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Breath as the Object of Jhana - Dhamma Wheel

Breath as the Object of Jhana

The cultivation of calm or tranquility and the development of concentration
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convivium
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Breath as the Object of Jhana

Postby convivium » Wed Oct 10, 2012 5:57 am

Hello,
I'm looking for descriptions of how the perception of breath arises in line with each particular jhana. How does perception of the breath become a steady enough object to go beyond access concentration? What does this look like in first, second, third, and fourth jhanas. Does the perception of breath go away in the arupa jhanas? In the fourth jhana?
Just keep breathing in and out like this. Don't be interested in anything else. It doesn't matter even if someone is standing on their head with their ass in the air. Don't pay it any attention. Just stay with the in-breath and the out-breath. Concentrate your awareness on the breath. Just keep doing it. http://www.ajahnchah.org/book/Just_Do_It_1_2.php

santa100
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Re: Breath as the Object of Jhana

Postby santa100 » Wed Oct 10, 2012 2:20 pm


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convivium
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Re: Breath as the Object of Jhana

Postby convivium » Wed Oct 10, 2012 4:41 pm

so what does, for example, "speech has ceased" mean? it sounds like it's supposing a verbal mantra, but that seems like an unjustified interpretation.
Just keep breathing in and out like this. Don't be interested in anything else. It doesn't matter even if someone is standing on their head with their ass in the air. Don't pay it any attention. Just stay with the in-breath and the out-breath. Concentrate your awareness on the breath. Just keep doing it. http://www.ajahnchah.org/book/Just_Do_It_1_2.php

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LonesomeYogurt
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Re: Breath as the Object of Jhana

Postby LonesomeYogurt » Wed Oct 10, 2012 4:56 pm

Gain and loss, status and disgrace,
censure and praise, pleasure and pain:
these conditions among human beings are inconstant,
impermanent, subject to change.

Knowing this, the wise person, mindful,
ponders these changing conditions.
Desirable things don’t charm the mind,
undesirable ones bring no resistance.

His welcoming and rebelling are scattered,
gone to their end,
do not exist.
- Lokavipatti Sutta


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daverupa
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Re: Breath as the Object of Jhana

Postby daverupa » Wed Oct 10, 2012 6:03 pm

I'm not so sure about the statement that, in third jhana, piti ceases.

The jhana pericope has

pītiyā ca virāgā

which is indifference to piti, not the cessation of piti. That Sutta spends most of its time connecting jhana progression with formless progression, which for various reasons I take to be a sign of relative lateness.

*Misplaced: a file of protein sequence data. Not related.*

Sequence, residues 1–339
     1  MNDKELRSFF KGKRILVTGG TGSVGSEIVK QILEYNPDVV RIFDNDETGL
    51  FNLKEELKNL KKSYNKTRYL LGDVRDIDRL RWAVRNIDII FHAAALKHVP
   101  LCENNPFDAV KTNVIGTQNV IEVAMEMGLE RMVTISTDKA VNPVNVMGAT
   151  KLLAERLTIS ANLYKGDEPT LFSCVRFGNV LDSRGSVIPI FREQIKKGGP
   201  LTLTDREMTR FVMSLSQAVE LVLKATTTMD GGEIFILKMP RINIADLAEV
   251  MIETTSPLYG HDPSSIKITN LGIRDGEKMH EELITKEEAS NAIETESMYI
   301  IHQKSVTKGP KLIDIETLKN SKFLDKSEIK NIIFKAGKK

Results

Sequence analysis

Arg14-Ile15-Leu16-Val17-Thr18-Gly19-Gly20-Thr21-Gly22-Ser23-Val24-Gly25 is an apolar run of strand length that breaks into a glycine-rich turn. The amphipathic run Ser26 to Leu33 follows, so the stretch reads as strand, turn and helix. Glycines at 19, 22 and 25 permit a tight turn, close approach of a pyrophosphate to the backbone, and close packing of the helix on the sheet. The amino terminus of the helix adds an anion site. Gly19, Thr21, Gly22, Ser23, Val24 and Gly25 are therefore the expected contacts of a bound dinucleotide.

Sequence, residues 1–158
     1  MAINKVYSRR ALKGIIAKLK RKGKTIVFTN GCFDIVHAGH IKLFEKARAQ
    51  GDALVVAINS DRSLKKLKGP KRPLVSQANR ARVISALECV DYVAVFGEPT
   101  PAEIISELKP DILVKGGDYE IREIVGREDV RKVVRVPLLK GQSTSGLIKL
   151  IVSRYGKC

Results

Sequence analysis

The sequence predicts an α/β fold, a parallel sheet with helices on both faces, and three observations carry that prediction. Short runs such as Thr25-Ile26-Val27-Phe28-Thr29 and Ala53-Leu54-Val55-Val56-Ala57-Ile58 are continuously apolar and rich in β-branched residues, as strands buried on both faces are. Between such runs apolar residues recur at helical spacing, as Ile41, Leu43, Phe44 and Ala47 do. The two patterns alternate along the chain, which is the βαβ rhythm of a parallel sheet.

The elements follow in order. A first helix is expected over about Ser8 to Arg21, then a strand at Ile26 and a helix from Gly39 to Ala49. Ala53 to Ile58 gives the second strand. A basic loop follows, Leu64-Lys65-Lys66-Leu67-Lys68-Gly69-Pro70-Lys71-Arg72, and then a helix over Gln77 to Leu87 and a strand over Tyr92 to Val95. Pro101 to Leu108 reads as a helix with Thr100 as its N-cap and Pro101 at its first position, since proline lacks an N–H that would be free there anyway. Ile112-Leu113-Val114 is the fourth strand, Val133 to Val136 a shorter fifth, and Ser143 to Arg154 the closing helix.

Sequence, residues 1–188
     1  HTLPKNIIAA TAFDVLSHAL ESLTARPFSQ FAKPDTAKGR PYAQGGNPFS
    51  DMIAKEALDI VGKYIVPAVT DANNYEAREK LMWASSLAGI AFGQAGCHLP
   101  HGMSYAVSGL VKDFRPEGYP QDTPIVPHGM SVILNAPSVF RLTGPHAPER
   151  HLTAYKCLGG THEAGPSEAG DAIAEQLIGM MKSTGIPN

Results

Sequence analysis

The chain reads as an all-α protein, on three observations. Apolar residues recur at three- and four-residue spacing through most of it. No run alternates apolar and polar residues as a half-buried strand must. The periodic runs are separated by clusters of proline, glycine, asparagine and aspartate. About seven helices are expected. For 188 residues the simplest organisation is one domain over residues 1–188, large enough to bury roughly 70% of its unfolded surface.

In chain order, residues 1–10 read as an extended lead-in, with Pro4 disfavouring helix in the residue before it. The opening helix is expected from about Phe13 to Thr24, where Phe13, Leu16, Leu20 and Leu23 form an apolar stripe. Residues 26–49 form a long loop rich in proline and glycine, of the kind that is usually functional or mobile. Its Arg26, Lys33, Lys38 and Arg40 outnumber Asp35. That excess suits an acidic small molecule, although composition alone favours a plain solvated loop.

I think the breath isn't properly an object of meditation (depending on what this means, of course); I don't think it disappears a la formless attainments, at any rate - jhana is altogether different than the formless stuff which made the rounds during and after the Buddha's life, as far as I can tell.

santa100
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Re: Breath as the Object of Jhana

Postby santa100 » Wed Oct 10, 2012 7:51 pm


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convivium
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Re: Breath as the Object of Jhana

Postby convivium » Wed Oct 10, 2012 9:06 pm

So, I take it there are controversies in the interpretation of this first passage posted by Santa, not to mention in the other passages that map the jhanas. Should this worry me?
Just keep breathing in and out like this. Don't be interested in anything else. It doesn't matter even if someone is standing on their head with their ass in the air. Don't pay it any attention. Just stay with the in-breath and the out-breath. Concentrate your awareness on the breath. Just keep doing it. http://www.ajahnchah.org/book/Just_Do_It_1_2.php

santa100
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Re: Breath as the Object of Jhana

Postby santa100 » Wed Oct 10, 2012 9:16 pm


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daverupa
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Re: Breath as the Object of Jhana

Postby daverupa » Wed Oct 10, 2012 11:17 pm


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convivium
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Re: Breath as the Object of Jhana

Postby convivium » Wed Oct 10, 2012 11:20 pm

Thanks again; any other clarifications or suggestions are warmly appreciated.
Just keep breathing in and out like this. Don't be interested in anything else. It doesn't matter even if someone is standing on their head with their ass in the air. Don't pay it any attention. Just stay with the in-breath and the out-breath. Concentrate your awareness on the breath. Just keep doing it. http://www.ajahnchah.org/book/Just_Do_It_1_2.php

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mikenz66
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Re: Breath as the Object of Jhana

Postby mikenz66 » Thu Oct 11, 2012 12:14 am


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Ben
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Re: Breath as the Object of Jhana

Postby Ben » Thu Oct 11, 2012 12:38 am

I second Mike and Dave's good advice.
There's nothing to be of concern or worry to you.
Just be aware that there are differing interpretations when it comes to the wording within in the suttas. In my opinion, its best to practice according to the teachings of a respected monastic or lay teacher in whom you and many others have confidence. Differing teachings will have their own internal consistency. Also, under the instruction of a teacher or guide, you should have access to graduated guidance that is appropriate for the meditative experiences you've had/having.
All the best,

Ben
“No lists of things to be done. The day providential to itself. The hour. There is no later. This is later. All things of grace and beauty such that one holds them to one's heart have a common provenance in pain. Their birth in grief and ashes.”
- Cormac McCarthy, The Road

Learn this from the waters:
in mountain clefts and chasms,
loud gush the streamlets,
but great rivers flow silently.
- Sutta Nipata 3.725

(Buddhist aid in Myanmar) • •

e: [email protected]..

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convivium
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Re: Breath as the Object of Jhana

Postby convivium » Thu Oct 11, 2012 1:32 am